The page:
duress

play
noun du·ress \du̇-ˈres also dyu̇-\

Definition of duress

law

  1. 1 :  forcible restraint or restriction while the German army was still held in duress by the Versailles treaty — S. L. A. Marshall

  2. 2 :  compulsion (see compulsion 1a) by threat gave the statement under duress; specifically :  unlawful constraint held under duress

duress was our Word of the Day on 09/01/2013. Hear the podcast!

Examples of duress in a sentence

  1. He gave the information under duress.

  2. complied with the order only under duress

Did You Know?

Duress is a word of hardy stock. It has been a part of the English language since the 14th century, and has a number of long-lived relatives. "Duress" itself came into Middle English through the Anglo-French duresce (meaning "hardness" or "severity"), which stems from Latin durus, meaning "hard." Some obvious relatives of this robust root are "durable," "endure" and "obdurate" (meaning "unyielding" or "hardened in feelings"). Some others are "dour" (meaning "harsh," "unyielding," or "gloomy") and "during."

Origin and Etymology of duress

Middle English duresse, from Anglo-French duresce hardness, severity, from Latin duritia, from durus —see during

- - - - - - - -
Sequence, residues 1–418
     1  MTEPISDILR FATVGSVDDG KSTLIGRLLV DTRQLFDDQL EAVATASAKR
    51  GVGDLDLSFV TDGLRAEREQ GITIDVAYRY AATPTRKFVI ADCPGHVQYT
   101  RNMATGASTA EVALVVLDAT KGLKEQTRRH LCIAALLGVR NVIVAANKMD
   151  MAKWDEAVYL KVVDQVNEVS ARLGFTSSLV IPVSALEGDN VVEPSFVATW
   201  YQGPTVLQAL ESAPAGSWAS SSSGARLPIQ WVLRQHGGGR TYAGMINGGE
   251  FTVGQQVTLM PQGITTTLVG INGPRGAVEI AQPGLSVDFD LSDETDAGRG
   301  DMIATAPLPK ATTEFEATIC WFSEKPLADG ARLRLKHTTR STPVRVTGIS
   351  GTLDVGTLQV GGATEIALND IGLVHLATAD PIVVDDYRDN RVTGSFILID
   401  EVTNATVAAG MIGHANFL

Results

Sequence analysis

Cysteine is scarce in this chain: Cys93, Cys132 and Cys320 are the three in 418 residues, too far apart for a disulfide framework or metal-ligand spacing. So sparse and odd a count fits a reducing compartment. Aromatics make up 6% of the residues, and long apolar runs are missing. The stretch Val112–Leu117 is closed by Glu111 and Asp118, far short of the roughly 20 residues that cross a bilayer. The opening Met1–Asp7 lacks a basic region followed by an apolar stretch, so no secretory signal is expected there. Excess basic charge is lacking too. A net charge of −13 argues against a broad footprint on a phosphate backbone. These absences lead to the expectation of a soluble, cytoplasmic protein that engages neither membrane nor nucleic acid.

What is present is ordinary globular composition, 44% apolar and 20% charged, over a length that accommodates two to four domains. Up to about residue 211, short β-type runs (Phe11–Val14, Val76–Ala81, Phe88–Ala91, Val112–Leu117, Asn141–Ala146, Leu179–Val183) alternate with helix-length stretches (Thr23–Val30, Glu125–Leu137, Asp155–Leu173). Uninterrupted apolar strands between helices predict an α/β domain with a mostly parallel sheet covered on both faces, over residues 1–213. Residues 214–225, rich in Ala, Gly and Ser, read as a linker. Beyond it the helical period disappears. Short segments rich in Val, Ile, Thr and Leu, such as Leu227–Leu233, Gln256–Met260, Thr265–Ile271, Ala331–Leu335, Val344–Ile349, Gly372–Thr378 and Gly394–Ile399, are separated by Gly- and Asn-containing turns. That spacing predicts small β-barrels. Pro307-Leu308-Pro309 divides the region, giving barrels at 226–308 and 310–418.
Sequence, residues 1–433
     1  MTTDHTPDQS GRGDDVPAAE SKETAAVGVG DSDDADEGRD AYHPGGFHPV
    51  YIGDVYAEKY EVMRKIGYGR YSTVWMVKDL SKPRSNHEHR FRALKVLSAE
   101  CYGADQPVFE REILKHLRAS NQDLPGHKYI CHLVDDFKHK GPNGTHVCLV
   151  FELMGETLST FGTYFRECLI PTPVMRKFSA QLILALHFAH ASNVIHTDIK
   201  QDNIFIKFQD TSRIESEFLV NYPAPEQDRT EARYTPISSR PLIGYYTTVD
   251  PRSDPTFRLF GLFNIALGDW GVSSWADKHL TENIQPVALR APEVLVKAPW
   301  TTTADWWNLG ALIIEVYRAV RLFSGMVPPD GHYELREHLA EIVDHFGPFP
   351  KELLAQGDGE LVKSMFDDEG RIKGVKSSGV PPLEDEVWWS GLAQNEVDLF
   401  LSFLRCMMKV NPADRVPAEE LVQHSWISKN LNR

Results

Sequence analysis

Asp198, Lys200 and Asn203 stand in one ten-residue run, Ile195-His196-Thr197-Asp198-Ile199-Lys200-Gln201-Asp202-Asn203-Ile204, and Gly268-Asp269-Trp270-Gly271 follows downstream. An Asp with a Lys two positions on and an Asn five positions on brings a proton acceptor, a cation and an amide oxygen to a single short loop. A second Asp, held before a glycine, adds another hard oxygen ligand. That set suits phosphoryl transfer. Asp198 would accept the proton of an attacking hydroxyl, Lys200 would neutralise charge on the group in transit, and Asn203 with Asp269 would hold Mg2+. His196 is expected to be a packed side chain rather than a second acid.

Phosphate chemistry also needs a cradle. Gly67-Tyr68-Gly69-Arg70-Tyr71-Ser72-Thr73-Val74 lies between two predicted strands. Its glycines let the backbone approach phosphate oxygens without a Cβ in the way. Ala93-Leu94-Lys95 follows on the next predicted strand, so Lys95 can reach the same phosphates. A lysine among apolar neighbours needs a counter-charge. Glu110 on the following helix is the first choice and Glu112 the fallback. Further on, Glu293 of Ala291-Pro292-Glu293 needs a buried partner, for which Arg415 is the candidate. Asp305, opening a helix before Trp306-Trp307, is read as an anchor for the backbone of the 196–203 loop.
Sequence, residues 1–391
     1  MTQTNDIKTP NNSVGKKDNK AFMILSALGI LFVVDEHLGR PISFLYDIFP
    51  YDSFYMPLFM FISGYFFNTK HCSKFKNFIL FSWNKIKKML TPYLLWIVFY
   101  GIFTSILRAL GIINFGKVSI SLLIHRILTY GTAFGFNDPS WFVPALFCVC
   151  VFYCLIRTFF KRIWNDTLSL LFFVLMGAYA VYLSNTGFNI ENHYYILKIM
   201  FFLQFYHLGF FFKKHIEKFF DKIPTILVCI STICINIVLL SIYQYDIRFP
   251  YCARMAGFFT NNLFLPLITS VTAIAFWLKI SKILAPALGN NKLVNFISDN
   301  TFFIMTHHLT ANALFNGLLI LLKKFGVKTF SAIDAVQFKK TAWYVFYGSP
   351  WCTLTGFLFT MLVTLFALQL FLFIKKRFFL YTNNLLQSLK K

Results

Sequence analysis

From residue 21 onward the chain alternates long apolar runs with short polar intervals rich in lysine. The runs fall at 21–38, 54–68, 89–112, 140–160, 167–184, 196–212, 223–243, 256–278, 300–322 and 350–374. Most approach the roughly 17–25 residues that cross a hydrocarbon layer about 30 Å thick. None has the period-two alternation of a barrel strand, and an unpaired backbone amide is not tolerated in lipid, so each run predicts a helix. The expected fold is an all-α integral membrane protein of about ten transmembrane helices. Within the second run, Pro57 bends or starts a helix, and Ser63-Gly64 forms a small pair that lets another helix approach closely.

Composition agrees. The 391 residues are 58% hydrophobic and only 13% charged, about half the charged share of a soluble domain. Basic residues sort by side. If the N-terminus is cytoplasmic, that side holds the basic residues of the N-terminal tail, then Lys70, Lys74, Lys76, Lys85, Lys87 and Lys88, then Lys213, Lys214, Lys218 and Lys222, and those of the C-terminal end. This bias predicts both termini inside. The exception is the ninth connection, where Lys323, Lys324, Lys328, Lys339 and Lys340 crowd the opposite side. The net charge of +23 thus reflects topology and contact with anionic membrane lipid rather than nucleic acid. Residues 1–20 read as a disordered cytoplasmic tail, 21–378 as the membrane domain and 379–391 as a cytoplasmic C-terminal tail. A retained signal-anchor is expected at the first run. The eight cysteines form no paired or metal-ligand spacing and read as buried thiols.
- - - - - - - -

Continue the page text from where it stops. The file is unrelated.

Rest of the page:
First Known Use: 15th century


DURESS Defined for English Language Learners

duress

play
noun du·ress \du̇-ˈres also dyu̇-\

Definition of duress for English Language Learners

  • : force or threats meant to make someone do something


Law Dictionary

duress

play
noun du·ress \du̇-ˈres, dyu̇-\

Legal Definition of duress

  1. :  wrongful and usually unlawful compulsion (as threats of physical violence) that induces a person to act against his or her will :  coercion; also :  the affirmative defense of having acted under duress — see also economic duress — compare necessity, undue influence

Additional Notes on duress

A person may be able to avoid the consequences of his or her acts under the law if they were performed while under duress. For example, a contract made under duress is voidable by the coerced party. Similarly, a will signed under duress is invalid. Duress may also be used to justify a criminal act.

Origin and Etymology of duress

Anglo-French duresce, literally, hardness, harshness, from Old French, from Latin duritia, from durus hard



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